The members’ meeting was good last night, with all the nominated members being elected. Also the omnibus resolution passed unanimously, which is always encouraging.

This morning, Wil Wheaton is giving the keynote. Apparently it will be webcast, but I am not sure where, and by the time I get this on my journal, it will of course be long over. Not very useful as an announcement, I suppose. But hopefully people will learn about it on IRC anyways.

It looks like I’m not going to get out to do much in Vegas this time around, but I’m going to try to go to the Star Trek thing this evening if I can. Should be pretty cool.

Lights out

On Sunday evening, while I was at ApacheCon, the power went out in my apartment, taking down all my servers. Turns out that they all came back up ok, but that all of them came up before the DHCP server started, and so none of them came up on the network. Thus, the whole time I was at ApacheCon, my database server was non-functional, and, thus, my journal was non-functional. Which was very irritating, because I had a *LOT* to write about. So, I’m going to post some of it this evening, and the rest tomorrow, when I can get it off of my Palm.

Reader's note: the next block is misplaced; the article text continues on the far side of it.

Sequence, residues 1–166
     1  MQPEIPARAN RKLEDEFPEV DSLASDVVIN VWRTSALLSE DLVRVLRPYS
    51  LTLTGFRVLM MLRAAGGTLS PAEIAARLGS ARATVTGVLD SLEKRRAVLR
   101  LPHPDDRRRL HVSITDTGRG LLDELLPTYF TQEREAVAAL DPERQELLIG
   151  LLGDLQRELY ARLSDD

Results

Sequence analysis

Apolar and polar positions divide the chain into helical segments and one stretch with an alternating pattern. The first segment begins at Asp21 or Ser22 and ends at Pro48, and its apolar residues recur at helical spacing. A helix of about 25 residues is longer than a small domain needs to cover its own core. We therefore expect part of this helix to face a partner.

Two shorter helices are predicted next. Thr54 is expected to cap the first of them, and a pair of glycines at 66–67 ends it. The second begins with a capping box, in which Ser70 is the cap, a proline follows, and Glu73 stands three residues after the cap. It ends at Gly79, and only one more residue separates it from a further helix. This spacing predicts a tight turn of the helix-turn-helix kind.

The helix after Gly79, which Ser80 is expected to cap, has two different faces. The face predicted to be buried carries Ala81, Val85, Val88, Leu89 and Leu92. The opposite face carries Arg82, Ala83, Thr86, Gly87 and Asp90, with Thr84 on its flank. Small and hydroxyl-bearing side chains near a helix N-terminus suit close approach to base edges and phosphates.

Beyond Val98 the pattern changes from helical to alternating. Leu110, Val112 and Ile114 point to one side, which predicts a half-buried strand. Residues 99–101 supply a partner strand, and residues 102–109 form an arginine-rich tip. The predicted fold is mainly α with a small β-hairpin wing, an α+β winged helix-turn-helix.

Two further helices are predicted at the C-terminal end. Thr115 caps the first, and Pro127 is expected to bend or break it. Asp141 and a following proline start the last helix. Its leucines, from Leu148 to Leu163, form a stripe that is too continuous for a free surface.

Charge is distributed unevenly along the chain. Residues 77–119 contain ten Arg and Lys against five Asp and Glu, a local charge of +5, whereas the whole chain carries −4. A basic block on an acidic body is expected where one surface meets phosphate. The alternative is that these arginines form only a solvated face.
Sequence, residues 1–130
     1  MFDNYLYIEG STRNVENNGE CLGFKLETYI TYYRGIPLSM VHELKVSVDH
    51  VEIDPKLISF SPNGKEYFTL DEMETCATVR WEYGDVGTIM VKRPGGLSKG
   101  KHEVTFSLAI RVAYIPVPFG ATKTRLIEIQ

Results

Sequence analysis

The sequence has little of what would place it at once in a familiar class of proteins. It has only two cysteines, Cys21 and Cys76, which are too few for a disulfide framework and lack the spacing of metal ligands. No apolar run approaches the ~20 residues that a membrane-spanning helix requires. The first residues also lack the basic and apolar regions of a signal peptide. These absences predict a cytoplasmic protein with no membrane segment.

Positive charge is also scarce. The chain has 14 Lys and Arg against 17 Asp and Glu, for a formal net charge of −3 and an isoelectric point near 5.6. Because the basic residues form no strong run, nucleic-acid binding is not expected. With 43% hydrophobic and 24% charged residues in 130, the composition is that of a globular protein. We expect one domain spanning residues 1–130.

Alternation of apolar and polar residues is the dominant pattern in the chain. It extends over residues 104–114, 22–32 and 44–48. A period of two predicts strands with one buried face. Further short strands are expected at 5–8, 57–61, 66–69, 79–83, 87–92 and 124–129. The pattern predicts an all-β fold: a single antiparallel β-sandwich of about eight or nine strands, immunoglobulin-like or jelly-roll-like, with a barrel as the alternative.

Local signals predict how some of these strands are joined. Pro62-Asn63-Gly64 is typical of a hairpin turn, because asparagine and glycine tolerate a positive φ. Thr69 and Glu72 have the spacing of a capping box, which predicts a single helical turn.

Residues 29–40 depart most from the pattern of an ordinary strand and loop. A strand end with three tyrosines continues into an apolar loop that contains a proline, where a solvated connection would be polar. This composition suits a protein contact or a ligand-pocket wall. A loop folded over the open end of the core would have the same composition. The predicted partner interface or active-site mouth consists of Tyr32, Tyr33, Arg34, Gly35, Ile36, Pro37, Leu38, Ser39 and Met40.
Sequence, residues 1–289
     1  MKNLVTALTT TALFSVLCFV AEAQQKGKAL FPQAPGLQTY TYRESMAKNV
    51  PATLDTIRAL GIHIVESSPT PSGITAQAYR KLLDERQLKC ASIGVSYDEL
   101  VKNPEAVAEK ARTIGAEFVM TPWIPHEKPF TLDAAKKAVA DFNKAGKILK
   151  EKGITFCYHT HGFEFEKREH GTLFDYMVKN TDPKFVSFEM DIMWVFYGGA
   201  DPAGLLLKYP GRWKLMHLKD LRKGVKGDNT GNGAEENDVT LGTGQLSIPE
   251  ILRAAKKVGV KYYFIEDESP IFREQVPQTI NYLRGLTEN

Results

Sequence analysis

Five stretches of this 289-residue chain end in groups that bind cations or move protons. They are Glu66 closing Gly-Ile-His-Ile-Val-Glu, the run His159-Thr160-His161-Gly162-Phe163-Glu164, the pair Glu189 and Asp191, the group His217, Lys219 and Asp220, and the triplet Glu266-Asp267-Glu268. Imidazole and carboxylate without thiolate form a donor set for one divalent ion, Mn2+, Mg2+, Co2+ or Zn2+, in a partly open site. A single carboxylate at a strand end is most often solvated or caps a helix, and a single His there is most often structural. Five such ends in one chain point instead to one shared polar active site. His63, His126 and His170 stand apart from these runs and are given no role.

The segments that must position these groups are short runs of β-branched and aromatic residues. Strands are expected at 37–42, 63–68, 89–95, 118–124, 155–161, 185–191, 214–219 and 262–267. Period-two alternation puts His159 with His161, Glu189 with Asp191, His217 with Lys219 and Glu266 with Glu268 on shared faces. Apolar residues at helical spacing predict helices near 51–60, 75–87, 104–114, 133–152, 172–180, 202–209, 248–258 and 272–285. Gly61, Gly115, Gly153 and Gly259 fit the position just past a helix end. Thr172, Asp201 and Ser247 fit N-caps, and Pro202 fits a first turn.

Day two – Apachecon

I had actually planned to skip out most of today and go Geocaching, but I decided at the last moment to stay and work. Just aas well. There’s been a lot to do.

Tina managed to get me moved from the extreme far rear building to the one nearest the conference, and that was very nice. Not as far to walk back to the room now.

All of the BOFs are scheduled now, thanks to Shane. It’s really nice to have this taken care of well in advance, rather than having it be quite as disorganized as last year.

Rumor has it that we may have some photos of someone stakeboarding in the swimming pool. I’ll be sure to put them here when I acquire them.